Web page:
Duct tape, wire ties, WD-40, adjustable wrenches, BFH, pocket knife and Permatex part 2; save the world.
     
  9. Jun 5, 2006 #9

    glennjanie

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    Hey TX:
    Hold on there! Don't cut the drywall or try to thread something on where there are no threads; and you can't glue plastic to steel pipe. If you have 2 or 3 inches sticking out you can put a pipe wrench or big channel-loks (My son gave me a 16" pair and nothing can refuse to turn with them) on it and push down just see if it doesn't start screwing out of the wall. I'm not a TX plumber and all states are different but that pipe screwed in is the most accepted way.
    Happy Trails, Cowpoke
    Glenn
     
  10. Jun 7, 2006 #10

    asbestos

    asbestos

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    are wire ties, tie wire? around here we use marine-tex or super mend.
     
  11. Jun 7, 2006 #11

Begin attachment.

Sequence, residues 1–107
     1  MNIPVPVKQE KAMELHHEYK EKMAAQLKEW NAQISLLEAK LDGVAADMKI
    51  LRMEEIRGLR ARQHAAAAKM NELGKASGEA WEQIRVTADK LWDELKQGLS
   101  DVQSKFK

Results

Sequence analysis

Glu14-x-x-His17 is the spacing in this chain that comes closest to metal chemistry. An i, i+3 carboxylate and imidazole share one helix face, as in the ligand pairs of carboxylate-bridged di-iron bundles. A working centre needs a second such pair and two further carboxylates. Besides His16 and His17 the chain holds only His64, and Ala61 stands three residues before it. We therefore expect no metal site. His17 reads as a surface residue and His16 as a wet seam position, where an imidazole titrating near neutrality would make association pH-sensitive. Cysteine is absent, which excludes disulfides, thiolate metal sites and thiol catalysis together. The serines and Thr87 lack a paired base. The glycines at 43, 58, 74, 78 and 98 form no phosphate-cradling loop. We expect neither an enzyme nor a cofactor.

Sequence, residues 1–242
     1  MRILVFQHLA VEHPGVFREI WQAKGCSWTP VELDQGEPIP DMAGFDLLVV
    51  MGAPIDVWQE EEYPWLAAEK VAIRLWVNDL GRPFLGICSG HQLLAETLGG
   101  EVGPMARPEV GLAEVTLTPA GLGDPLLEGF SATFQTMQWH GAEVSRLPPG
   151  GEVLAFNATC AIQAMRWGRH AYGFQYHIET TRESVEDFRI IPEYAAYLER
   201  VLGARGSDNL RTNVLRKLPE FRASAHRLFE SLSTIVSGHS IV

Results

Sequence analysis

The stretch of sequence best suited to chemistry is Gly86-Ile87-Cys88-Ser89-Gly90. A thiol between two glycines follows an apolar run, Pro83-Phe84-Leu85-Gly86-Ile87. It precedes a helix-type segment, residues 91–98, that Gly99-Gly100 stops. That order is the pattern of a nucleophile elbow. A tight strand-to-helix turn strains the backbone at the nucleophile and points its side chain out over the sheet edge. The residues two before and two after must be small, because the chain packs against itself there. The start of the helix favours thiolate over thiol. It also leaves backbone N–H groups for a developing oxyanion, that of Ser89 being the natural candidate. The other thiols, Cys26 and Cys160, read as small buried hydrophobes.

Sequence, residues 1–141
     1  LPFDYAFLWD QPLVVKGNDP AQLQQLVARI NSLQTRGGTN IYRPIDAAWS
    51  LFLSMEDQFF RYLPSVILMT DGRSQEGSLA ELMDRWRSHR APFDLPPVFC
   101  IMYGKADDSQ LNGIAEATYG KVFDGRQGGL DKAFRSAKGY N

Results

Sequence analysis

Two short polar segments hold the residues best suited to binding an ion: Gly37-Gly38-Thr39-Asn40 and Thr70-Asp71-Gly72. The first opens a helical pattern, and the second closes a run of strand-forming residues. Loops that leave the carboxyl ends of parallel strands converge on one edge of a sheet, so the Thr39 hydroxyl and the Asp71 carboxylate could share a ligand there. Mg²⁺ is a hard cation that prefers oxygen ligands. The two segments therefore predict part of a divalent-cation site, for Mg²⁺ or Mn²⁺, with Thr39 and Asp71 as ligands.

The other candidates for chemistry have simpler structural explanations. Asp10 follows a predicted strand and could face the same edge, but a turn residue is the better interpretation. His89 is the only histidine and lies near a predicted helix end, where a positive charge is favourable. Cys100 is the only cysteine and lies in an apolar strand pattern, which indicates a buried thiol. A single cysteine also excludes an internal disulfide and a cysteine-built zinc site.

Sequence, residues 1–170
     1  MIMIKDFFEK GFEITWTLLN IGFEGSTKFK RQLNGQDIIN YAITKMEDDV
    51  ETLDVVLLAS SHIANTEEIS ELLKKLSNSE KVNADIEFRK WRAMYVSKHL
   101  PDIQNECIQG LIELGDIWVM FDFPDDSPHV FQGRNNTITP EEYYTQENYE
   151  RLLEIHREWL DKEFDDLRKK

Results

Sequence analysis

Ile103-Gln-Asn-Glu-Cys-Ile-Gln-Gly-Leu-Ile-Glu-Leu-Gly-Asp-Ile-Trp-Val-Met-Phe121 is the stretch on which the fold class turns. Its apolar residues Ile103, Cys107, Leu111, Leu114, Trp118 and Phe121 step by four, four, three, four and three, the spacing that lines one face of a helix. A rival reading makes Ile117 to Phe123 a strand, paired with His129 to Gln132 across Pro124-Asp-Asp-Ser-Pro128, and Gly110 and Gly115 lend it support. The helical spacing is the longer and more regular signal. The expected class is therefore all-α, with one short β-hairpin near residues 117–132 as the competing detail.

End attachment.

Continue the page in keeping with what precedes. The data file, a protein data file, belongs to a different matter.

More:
TXDIYRookie

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    Thanks to all for your words of wisdom. After reaching inside the wall I could feel another "seam" but no threading. I'm afraid to use the wrench since the first set of piping I removed riped apart. I used the rubber fitting with the clamps at each end which seems to have worked fine.

    I got the water lines back on and tested. Everything worked great for about one minute. The water started to leak out of the ptrap joints and the extender connections. I took those apart and used thread sealant reattached and let it setup overnight. It appears that the water is not leaving the ptrap and going out the extender through the wall.

    This was the original problem...the sink took hours to drain. It seems as though the water is actually not pushing out of the trap to the drain pipe out of the wall. I'm just about to give up.